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Micro-Tech-Lab  Newsletter from 20.11.2008

  The december issue of our newsletter is dedicated to the topic of photography through a microscope. After receiving an increasing number of enquiries from our customers, we decided that it would be useful to shed some light on choosing a suitable camera for taking images using a microscope.  

Using full-frame digital SLR cameras in microscopy
 

The use of large sensors in microscopy does not have as many advantages as it does in conventional photography. Having a high number of pixels is also not hugely significant, as the image resolution is exclusively determined by the numeric aperture of the lens. Other camera features, on the other hand, such as colour depth, signal to noise ratio and light sensitivity, are far more important.
A whole range of camera components are responsible for creating high-quality microscope photos. Therefore it is important that each of these components is of high quality, as the entire chain can only be as strong as its weakest link. This signal chain consists of a sensor, an amplifier, an analogue-to-digital converter (ADC) and a digital signal processor (DSP).
 

Picture 1: Signal chain

View Image

When the photon strikes the sensor chip, it is stored as an electrical charge. This electrical charge is proportional to the number of photons present. The analogue voltage is increased by the amplifier before it reaches the analogue-to-digital converter (ADC). Only now does the information exist in digital form. Next, the digital signal processor (DSP) optimises the colour reproduction, and finally the data stream is processed for storage on the flash memory card (CF/MMD card).
As a rule, full-frame digital SLR cameras contain only top-quality components, and for this reason they tend to fall into the higher price bracket. Professional features such as remote control, mirror lock-up, LiveView and HDMI output generally come as standard on these models.

In addition, the colour depth of each colour channel is also important. Each basic colour (red/green/blue ==> RGB) has a resolution of between 12 and 16 bits. The higher this value, the more precise the reproduction of nuances in colour. If this number is multiplied by three (for each of the three basic colours) the result is the total memory depth of the colours that will be reproduced. At a resolution of 14 bits per channel, the result is a colour depth of 42 bits. In comparison, cheap compact cameras have only a 24 bit colour depth. The uncompressed data is stored in RAW format. Since this format has a larger storage requirement, users usually select the JPG format instead, which means that a lot of information is lost. Depending on the JPG image’s level of compression, a choice has to be made between storage space reduction and quality.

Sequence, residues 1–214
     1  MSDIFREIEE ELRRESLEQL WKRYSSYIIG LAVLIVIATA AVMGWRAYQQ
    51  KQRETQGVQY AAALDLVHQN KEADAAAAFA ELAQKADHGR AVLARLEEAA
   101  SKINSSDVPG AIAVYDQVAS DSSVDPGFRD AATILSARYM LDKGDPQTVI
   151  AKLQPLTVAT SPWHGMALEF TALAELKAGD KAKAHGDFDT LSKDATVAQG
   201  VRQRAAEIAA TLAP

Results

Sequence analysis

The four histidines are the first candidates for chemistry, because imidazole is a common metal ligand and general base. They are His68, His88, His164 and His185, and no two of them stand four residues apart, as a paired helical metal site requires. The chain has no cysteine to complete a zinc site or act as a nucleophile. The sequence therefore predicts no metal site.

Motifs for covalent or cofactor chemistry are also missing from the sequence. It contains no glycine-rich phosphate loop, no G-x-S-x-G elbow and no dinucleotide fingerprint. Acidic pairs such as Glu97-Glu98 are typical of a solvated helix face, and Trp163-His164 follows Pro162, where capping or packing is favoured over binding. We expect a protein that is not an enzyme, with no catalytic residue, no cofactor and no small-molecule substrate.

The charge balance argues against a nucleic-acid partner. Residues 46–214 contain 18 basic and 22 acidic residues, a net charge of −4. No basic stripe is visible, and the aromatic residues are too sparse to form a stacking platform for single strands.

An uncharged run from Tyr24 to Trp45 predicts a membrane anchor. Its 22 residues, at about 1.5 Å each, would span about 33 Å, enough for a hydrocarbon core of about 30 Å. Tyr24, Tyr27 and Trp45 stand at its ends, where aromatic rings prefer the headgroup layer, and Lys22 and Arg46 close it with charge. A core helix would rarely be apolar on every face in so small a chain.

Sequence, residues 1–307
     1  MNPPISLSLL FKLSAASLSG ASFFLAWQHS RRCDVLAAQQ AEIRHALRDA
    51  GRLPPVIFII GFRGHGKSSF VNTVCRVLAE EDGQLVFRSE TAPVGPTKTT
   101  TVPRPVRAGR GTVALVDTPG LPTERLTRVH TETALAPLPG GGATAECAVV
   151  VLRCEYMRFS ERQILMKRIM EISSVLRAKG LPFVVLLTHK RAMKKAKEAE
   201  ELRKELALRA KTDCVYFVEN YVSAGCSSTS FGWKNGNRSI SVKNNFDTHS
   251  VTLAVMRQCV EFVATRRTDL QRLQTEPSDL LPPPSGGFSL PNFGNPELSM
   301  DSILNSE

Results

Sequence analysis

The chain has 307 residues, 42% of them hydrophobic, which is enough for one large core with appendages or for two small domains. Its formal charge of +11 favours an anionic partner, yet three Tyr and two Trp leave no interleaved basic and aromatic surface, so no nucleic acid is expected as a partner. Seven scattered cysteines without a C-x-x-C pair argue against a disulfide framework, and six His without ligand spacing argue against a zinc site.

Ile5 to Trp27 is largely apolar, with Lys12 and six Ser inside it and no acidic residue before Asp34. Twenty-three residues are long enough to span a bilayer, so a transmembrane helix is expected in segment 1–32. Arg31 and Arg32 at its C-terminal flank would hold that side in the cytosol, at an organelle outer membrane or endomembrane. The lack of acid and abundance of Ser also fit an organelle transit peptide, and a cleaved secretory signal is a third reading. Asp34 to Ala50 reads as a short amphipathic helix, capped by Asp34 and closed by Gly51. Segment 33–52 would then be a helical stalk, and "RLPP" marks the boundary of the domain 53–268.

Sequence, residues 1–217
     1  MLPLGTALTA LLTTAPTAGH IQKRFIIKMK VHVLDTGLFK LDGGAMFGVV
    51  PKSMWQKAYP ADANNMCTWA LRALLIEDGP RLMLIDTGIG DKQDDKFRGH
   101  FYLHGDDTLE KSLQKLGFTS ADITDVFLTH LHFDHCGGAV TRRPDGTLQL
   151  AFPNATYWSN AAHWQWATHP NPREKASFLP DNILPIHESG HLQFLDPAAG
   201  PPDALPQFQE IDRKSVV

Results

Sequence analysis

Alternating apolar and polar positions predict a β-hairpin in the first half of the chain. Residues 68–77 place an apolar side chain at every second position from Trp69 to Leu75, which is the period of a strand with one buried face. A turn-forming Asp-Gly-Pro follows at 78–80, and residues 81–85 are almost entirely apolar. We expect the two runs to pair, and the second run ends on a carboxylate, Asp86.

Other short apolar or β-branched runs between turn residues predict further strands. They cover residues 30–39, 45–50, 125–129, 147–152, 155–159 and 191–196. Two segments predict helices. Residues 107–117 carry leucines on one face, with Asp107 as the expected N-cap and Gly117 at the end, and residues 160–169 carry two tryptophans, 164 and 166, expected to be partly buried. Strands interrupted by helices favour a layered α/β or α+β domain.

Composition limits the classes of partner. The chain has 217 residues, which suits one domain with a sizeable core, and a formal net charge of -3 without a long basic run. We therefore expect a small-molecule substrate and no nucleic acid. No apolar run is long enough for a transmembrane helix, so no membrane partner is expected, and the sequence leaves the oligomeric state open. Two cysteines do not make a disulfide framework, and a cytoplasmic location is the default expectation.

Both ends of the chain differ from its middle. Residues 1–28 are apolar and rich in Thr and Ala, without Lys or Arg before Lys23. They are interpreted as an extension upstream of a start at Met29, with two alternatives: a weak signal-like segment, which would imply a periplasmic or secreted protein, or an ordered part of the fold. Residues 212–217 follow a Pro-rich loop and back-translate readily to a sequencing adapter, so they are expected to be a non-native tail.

Overview of some cameras

   

     

 

Format (mm)

Colour depth (bits)

ADC
(bits)

HDMI

LiveView

Number of pixels (megapixels)

Nikon D4 24 x 36 42 14 Yes Yes 16

Nikon D3

24 x 36

42

14 

Yes

Yes

12

Nikon D300

23.6 x 15.8

42

14 

Yes

Yes

13

Nikon D7000 23.6 x 15.6 36 12 Yes Yes 16.2
Nikon D800 24 x 36 42 14 Yes Yes 36
Canon EOS 5D Mark II 24 x 36 42 14 Yes Yes 22

Canon EOS 5D Mark II

24 x 36

42

14 

Yes

Yes

21

Canon EOS 650D 22.3 x 14.9 42 14 Yes Yes 18
Canon EOS 600D 22.3 x 14.9 42 14 Yes Yes 18

Canon EOS 1000D

22.2 x 14.8

42

14

No

Yes

10

Olympus E3

17.3 x 13

36

12

No

Yes

10

Olympus E-520

17.3 x 13

36

12

No

Yes

1


 For professional use in microscopy, we recommend high-quality full-frame digital SLR cameras, particularly in the case of special processes (e.g. fluorescence microscopy). In addition, we offer special LM digital adapters for full-frame sensors, which guarantee optimum illumination. To help make your choice easier, we have created a special page on our website:   



Conclusion:

If microscope photos of extraordinary high quality are important to you, then you should always choose a digital SLR camera with a full-frame sensor. It should be mentioned, however, that cameras with a half-frame sensor or a four-thirds chip can also provide very good results. Here, it is particularly important that the camera used is equipped with a LiveView function and mirror lock-up, as only this will enable you to achieve the optimum level of focus that you require.
 

A preview of issue 3 of our newsletter:


New LM Digital Adapter for: Nikon Z9 / Sony Alpha 1 / Sony Alpha 9 II (ILCE-9M2) / Sony Alpha 9 / Nikon D6 / Sony Alpha 7R IV / Canon EOS R5 / Sony Alpha 7S II / Sony Alpha 7R III / Canon EOS R6 / Nikon Z6 / Nikon Z6II / Sony Alpha 7R II / Nikon Z7 / Nikon Z7II / Canon EOS R / Canon EOS Ra (Astro) / Nikon Z5 / Sony Alpha 7C / Canon EOS RP / Sony Alpha 7S / Canon EOS 1D X Mark III / Nikon Z50 / Nikon D850 / Canon EOS 1D X Mark II / Nikon D780 / Sony Alpha 7III / Nikon D5 / Sony Alpha 6600 / Sony Alpha 6400 / Sony Alpha 6100 / Canon EOS 1D X / Nikon D4s / Olympus OM-D E-M5 III / Canon EOS 90D / Canon EOS 5D Mark IV / Nikon D4 / Nikon D750 / Canon EOS 6D Mark II / Fujifilm X-T4 / Fujifilm X-T3 /